Hope In Harlem Highlights The Importance Of Mental Health Care In Harlem

May 11, 2023

The Harlem community is abuzz with excitement as the first annual Hope in Harlem conference approaches.

This groundbreaking event will bring together renowned mental health experts and community partners to share best practices on innovative mental health services that aim to bridge the gap in access to care in Harlem and the surrounding NYC area. The goal is to create a model for culturally inclusive, equitable mental healthcare for vulnerable populations, by building bridges between hospital-based services and trusted community organizations, like churches.

This not-to-be-missed conference will take place on Saturday, May 13, from 10 am to 1 pm, at the historic First Corinthians Baptist Church on Adam Clayton Powell Jr. Boulevard in Harlem. And if that’s not enough, the outdoor Wellness Street Fair will follow from 1 pm to 4 pm, featuring wellness-based activities, health screenings, insurance enrollment, networking, and entertainment.

Among the impressive lineup of keynote speakers are Tricia Hersey, Founder of the Nap Ministry and NYT Bestselling Author, U.S Representative Ritchie Torres, 15th Congressional District (Bronx), Anna Marie Sullivan, MD, Commissioner, NY State Office of Mental Health, Reverend Michael Walrond, Jr, Senior Pastor, First Corinthians Baptist Church, Sidney Hankerson, MD, MBA, Director of Mental Health Equity Research, Mount Sinai, and Lena Green, DSW, LCSW, Executive Director, HOPE Center.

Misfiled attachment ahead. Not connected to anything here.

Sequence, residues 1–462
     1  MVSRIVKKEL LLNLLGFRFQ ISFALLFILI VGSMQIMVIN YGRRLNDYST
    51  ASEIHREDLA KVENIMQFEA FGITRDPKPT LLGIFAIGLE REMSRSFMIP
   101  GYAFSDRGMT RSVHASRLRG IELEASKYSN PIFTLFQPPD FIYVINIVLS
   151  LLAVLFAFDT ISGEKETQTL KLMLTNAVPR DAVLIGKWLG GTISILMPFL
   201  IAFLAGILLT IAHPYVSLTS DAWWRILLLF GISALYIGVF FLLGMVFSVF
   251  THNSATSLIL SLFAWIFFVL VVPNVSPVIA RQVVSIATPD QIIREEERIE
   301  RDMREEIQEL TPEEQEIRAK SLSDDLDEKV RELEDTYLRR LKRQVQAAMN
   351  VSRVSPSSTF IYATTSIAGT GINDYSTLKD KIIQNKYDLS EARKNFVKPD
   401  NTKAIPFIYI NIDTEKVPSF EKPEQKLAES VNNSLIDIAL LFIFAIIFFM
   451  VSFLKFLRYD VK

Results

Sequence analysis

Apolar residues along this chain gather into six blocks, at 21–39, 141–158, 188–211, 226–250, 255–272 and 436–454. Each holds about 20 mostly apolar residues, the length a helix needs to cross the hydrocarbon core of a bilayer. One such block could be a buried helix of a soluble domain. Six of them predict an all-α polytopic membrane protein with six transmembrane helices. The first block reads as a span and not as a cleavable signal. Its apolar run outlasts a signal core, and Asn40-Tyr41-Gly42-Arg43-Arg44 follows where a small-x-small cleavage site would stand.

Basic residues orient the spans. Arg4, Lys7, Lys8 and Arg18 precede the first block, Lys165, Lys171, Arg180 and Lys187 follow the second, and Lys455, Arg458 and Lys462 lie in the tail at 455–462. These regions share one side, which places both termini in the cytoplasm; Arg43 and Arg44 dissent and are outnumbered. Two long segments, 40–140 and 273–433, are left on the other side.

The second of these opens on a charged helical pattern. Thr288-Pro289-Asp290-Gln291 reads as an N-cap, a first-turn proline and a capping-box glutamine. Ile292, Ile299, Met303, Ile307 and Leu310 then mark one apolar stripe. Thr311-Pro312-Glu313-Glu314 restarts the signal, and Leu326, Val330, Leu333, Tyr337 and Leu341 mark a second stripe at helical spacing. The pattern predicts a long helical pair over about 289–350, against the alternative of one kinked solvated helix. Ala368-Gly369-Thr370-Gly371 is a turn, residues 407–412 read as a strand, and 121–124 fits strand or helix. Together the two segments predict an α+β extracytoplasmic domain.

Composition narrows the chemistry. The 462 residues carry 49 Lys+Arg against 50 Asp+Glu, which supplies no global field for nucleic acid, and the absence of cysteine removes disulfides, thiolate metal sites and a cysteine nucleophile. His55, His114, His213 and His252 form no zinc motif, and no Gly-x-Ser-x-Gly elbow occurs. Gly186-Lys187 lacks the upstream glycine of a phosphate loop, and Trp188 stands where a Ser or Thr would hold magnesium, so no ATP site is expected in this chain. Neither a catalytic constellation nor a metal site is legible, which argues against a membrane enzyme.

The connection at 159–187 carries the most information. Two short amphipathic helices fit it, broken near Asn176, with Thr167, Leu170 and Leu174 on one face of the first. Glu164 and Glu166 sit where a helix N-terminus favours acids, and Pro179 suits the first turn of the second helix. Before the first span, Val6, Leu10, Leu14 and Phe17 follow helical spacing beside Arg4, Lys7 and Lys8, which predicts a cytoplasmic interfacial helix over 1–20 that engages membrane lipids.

The event is centered around a new model of mental healthcare, which relies on trusted community organizations, like churches, to provide care that is not directly tied to healthcare systems. The historic First Corinthians Baptist Church is one such trusted institution, with a mental health clinic embedded within its walls. Mount Sinai’s Dr. Sidney Hankerson, one of the three key organizers of this event, has conducted extensive research on the feasibility of screening for depression in the church, the relationship between religiosity and the utilization of professional health services among African Americans, underutilization of mental health treatment by African American men, and ministers’ perceptions about depression and the viability of using the church to implement evidence-based assessments and psychotherapy for depression.

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This groundbreaking conference is a testament to the dedication of leading experts like Dr. Sidney Hankerson, Senior Pastor “Mike” Walrond, and Dr. Lena Green, who have come together to create a model for church-affiliated mental health clinics that can be replicated nationwide. With depression and other mental health concerns on the rise in the Black community, particularly among Black men, this innovative model of care couldn’t come at a better time.

The Hope in Harlem conference promises to be a one-of-a-kind event that offers attendees an opportunity to learn, network, and experience a new vision for culturally inclusive, equitable mental healthcare.

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